When Phish, the most popular jam band in the country, announced in 2000 that they were going on an indefinite hiatus, many fans didn’t believe them, or assumed that the band would be back on the road by the summer of 2001. But the various members have studiously avoided each other, and have given no indication of when they might start playing together again. However, they have not been idle; all four have taken on various side projects. By far the busiest has been guitarist Trey Anastasio, who played large venues like the Berkeley Greek Theatre and Colorado’s Red Rocks during a summer solo tour. Anastasio then took off on a fall mini-tour with former Police drummer Stewart Copeland and Primus bassist Les Claypool.
The Anastasio/Copeland/Claypool trio first got together as Oysterhead for a one-off show at the New Orleans Jazz Festival in May 2000. It was generally assumed that the trio would not play together again, especially because Anastasio and Claypool were dissatisfied with the results. However, Copeland took a tape of the show, edited it down to 45 minutes of solid material and sent it to the other two. Intrigued, they made plans to get together again. The result was a new record,The Grand Pecking Order, and a tour that brought them to the Fillmore in Denver for two nights over Halloween.
When Oysterhead decided to do a full-on tour, one of their first problems was choosing a sound engineer. They eventually settled on Tim “Quake” Mark, an engineer with 24 years’ experience who works with ProMedia/UltraSound out of San Francisco. Says Quake of the selection process, “Les and Trey both had engineers that they had worked with for long periods of time, at least 15 years. When this project came up, each wanted to use their own guy, and someone — perhaps Stewart — suggested that they look at a third person. I used to be the FOH engineer for Jane’s Addiction. On one tour, they allowed everyone on the tour to pick an opening band, and I picked Primus. I became friends with Les at that time. That was about 11 years ago. Four months ago, I started talking with these guys again, and my name floated to the top of their list.”
HANDMADE MIC PRE’S
For three musicians, Oysterhead makes quite a large sound. At FOH, everything starts with the desk. “I use a Gamble EX56,” says Quake. “I get a lot of grief from younger engineers for using it, actually. I’ve tried all the automated desks, but I really love this one. The signal path is clean, it has the best mic preamps I’ve used and it has great EQ. If you A/B’d the Gamble pre’s to the Grace pre’s that we are using for recording, you’d be amazed how many people would choose the Gamble’s. The Gamble’s are all handmade and all a little different. I’ve been using this desk for over seven years now, and I know what I am going to get every time.”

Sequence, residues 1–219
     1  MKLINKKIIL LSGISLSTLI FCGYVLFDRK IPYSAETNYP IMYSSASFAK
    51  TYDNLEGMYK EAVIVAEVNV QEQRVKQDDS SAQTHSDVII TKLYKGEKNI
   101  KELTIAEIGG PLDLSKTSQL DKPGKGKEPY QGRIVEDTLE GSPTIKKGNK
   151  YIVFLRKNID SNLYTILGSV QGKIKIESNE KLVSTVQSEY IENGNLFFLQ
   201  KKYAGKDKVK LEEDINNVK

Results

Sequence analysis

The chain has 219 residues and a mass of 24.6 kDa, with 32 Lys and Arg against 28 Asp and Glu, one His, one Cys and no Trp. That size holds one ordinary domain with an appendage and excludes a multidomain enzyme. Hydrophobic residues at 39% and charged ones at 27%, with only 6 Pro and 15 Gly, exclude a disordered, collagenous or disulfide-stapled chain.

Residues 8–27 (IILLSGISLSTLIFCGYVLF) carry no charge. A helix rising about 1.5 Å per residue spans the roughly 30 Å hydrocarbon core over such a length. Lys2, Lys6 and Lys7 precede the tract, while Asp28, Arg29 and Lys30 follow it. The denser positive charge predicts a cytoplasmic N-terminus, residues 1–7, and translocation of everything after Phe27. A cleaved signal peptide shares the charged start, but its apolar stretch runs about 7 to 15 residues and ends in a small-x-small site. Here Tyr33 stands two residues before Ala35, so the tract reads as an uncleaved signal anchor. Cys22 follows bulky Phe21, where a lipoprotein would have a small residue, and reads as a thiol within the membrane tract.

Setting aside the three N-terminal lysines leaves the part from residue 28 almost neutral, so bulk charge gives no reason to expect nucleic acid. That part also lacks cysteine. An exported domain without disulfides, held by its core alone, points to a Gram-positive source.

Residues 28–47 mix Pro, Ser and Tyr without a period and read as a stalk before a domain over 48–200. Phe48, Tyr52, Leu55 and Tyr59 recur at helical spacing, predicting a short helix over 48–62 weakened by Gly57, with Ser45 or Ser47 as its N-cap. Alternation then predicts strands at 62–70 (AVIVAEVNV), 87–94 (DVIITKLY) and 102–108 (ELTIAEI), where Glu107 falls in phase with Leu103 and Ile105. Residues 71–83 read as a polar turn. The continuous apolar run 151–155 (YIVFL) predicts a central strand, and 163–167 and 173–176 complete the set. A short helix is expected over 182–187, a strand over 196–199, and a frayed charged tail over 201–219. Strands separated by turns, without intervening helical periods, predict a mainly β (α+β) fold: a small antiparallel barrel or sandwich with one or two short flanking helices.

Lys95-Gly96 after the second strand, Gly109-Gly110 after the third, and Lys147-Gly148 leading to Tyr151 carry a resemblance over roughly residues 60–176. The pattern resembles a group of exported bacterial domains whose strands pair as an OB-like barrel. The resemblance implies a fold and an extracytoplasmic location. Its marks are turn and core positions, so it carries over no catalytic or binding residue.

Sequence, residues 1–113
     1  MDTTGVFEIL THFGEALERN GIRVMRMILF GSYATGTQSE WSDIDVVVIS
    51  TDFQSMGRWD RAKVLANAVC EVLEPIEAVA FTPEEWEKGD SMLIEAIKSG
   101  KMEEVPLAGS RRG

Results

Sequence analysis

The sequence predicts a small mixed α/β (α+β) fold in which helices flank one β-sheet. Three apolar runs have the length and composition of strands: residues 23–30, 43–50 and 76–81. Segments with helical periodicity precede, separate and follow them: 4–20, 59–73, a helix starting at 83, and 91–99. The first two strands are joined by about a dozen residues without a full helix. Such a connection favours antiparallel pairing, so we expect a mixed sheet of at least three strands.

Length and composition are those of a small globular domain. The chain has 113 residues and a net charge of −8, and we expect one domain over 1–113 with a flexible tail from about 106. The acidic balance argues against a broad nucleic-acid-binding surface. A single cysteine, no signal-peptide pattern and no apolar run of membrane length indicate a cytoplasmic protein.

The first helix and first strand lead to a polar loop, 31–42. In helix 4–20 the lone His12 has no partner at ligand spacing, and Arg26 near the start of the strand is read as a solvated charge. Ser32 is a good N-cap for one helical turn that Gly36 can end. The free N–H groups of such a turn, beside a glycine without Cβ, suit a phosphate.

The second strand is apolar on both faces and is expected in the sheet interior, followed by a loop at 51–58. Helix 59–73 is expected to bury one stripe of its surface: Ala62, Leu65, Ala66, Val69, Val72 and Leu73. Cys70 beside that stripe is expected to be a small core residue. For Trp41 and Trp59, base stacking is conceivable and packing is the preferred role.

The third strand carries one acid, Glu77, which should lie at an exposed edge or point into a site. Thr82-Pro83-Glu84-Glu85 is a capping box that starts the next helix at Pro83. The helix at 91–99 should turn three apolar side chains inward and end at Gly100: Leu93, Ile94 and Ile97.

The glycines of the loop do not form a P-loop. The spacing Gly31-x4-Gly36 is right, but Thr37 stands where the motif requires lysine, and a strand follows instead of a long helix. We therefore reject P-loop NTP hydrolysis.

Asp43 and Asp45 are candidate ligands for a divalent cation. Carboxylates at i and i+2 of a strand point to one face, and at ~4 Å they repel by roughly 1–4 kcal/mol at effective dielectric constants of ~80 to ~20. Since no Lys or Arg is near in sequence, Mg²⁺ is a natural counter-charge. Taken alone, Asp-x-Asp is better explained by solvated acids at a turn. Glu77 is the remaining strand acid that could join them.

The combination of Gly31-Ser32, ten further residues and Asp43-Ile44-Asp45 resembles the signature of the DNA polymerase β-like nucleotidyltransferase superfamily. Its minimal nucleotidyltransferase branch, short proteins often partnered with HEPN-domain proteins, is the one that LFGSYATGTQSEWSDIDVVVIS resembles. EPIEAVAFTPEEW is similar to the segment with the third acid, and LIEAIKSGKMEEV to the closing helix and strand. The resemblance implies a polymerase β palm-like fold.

Quake doesn’t find the need to use many effects, and likes Oysterhead’s approach to sound. “It’s been pretty easy, because they are virtuosos and a three-piece — it fits very well with my ideas about mixing,” says Quake. “I approach it as sound reinforcement. After that part of it is done, they play as a band onstage, and it comes over out front that way. It’s also been very interesting watching their use of dynamics. They go from doing a quiet acoustic tune like ‘Birthday Boys’ to doing ‘Pseudo Suicide,’ the loudest tune of the show. You can also tell how educated the audience is because they get the swings in the dynamics; their audience is very attentive compared to a lot of ones that I have worked on. With the amount of compression I use, the challenge is to use compression to gain control of the mix without destroying the band’s ability to be dynamic.”
For effects, Quake carries two Yamaha SPX900 reverbs for vocal effects, a Lexicon PCM 70 reverb, a TC 2290 delay and a TC M5000 dual-engine reverb. The main vocals (Anastasio and Claypool) get Summit DCL-200 compressors, and Quake assigns Aphex 661 compressors to the remaining vocal channels. Six Aphex Expressors are patched to “everything from kick and snare to bass guitar” and a Drawmer 441 Quad compressor is on the guitar channels. Seven channels of Aphex noise gates are used on the drum kit, and Copeland controls an Echotron delay unit on the timbale/snare inputs, which he uses for one song, “Wield the Spade.”
HOW MANY DRUM MICS?
Choosing microphones proved to be an interesting task for Quake. “One of the weird things of coming into this group is you have three different visions of how things should be miked, and then you have a fourth entity, me, who then says, ‘This is how we are doing it today,’” he laughs. “Stewart has a Beta 52 on the kick drum. On the snare drums, I have two SM57s, one on top and one on bottom, and then I have nine SM98s for toms and percussion toms; he has two different setups. I am using Beta 56s for a timbale and a second snare on the percussion rig, and a Beta 52 on the gong drum. For hi-hat, cymbal and percussion tables, I use Shure KSM 27s; they are a brand-new mic, and as far as I know I am the first to use them. Finally, I use a KSM 32 on the overheads on the drums. That’s 24 inputs total.”